Airlines and airports are finding it difficult to hire new employees on both sides of the Atlantic to keep up with the increase in demand for air travel following the removal of numerous international travel restrictions.
At the height of the COVID-19 pandemic, both airports and airlines cut thousands of jobs, and many of those workers found work in other sectors and made the decision not to return to the aviation industry.
According to Flightaware.com, 669 flights into, out of, or within the US had been canceled as of Monday morning at 6.07 a.m. Eastern Time. This comes after the cancellation of almost 860 flights on Sunday.
Over 100 flights were canceled by Delta Air Lines, over 100 by United Airlines, and 51 by American Airlines Group. In the US, carriers face challenges with staffing levels for air traffic control in addition to a shortage of pilots and cabin personnel.
In response to airports getting overrun with travelers during the busy summer season, Germany’s Interior Ministry has stated that temporary foreign workers will be brought in to assist. They will be provided with a standard salary and housing, but they will also need to go through all the necessary security checks, which will take about two weeks.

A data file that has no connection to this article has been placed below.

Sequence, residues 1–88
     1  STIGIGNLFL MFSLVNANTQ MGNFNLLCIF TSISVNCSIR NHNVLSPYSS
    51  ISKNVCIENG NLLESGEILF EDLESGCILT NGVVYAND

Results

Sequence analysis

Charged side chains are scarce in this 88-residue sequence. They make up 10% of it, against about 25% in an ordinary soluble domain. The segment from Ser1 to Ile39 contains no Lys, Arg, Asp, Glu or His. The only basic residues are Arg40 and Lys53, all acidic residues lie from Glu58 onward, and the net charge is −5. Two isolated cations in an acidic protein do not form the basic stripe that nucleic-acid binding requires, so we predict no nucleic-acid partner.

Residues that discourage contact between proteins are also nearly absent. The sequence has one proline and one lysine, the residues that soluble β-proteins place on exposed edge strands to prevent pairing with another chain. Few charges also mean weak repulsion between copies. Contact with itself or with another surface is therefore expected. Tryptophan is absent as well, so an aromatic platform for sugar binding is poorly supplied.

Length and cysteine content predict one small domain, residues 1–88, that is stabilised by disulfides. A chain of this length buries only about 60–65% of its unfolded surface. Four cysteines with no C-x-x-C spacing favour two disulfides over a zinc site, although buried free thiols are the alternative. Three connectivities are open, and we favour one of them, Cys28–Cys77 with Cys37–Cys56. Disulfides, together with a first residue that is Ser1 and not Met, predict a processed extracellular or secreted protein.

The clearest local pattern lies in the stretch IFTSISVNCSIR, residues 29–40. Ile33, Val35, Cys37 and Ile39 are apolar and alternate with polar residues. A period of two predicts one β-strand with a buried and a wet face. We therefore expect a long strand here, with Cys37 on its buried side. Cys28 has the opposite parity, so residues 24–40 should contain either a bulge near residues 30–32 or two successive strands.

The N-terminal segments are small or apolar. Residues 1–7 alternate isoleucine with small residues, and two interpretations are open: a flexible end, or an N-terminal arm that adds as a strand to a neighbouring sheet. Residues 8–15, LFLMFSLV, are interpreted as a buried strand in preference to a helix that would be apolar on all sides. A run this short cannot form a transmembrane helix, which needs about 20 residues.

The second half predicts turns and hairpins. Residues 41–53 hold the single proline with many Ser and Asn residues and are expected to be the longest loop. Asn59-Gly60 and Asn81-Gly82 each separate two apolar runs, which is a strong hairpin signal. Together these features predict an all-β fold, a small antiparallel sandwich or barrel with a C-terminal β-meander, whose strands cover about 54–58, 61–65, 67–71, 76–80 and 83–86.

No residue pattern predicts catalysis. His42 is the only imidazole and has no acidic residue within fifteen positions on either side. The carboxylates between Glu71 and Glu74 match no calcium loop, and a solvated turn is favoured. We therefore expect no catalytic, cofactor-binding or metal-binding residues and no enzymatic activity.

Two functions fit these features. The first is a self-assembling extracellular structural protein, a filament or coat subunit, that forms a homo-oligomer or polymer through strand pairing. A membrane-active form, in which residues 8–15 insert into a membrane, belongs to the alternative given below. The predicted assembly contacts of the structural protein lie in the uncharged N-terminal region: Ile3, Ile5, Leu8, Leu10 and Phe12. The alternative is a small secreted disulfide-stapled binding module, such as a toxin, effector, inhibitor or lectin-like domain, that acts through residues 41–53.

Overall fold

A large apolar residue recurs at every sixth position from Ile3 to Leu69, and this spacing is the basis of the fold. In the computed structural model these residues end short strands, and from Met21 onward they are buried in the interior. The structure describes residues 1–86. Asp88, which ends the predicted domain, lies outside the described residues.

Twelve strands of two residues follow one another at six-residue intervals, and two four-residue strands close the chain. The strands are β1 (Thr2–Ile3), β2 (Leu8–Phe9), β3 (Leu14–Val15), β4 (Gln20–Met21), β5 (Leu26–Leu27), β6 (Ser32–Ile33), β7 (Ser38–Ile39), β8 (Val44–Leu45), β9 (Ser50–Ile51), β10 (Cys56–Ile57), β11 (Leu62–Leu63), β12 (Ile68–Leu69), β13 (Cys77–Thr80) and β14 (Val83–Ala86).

In the areas of security, check-in, and aircraft handling at German airports, Reuters reports that one out of every five posts is presently open.
The ABL association of aviation ground handling staff anticipates that 1,000 to 2,000 workers would be let in for three months, most likely starting in August. German airports are anticipated to disclose their exact needs in the near future.
“A time limit of a maximum of six months until the end of the year would have been nice,” said Thomas Richter, ABL’s head in an interview with Reuters. “It doesn’t solve the problem, but it certainly helps.”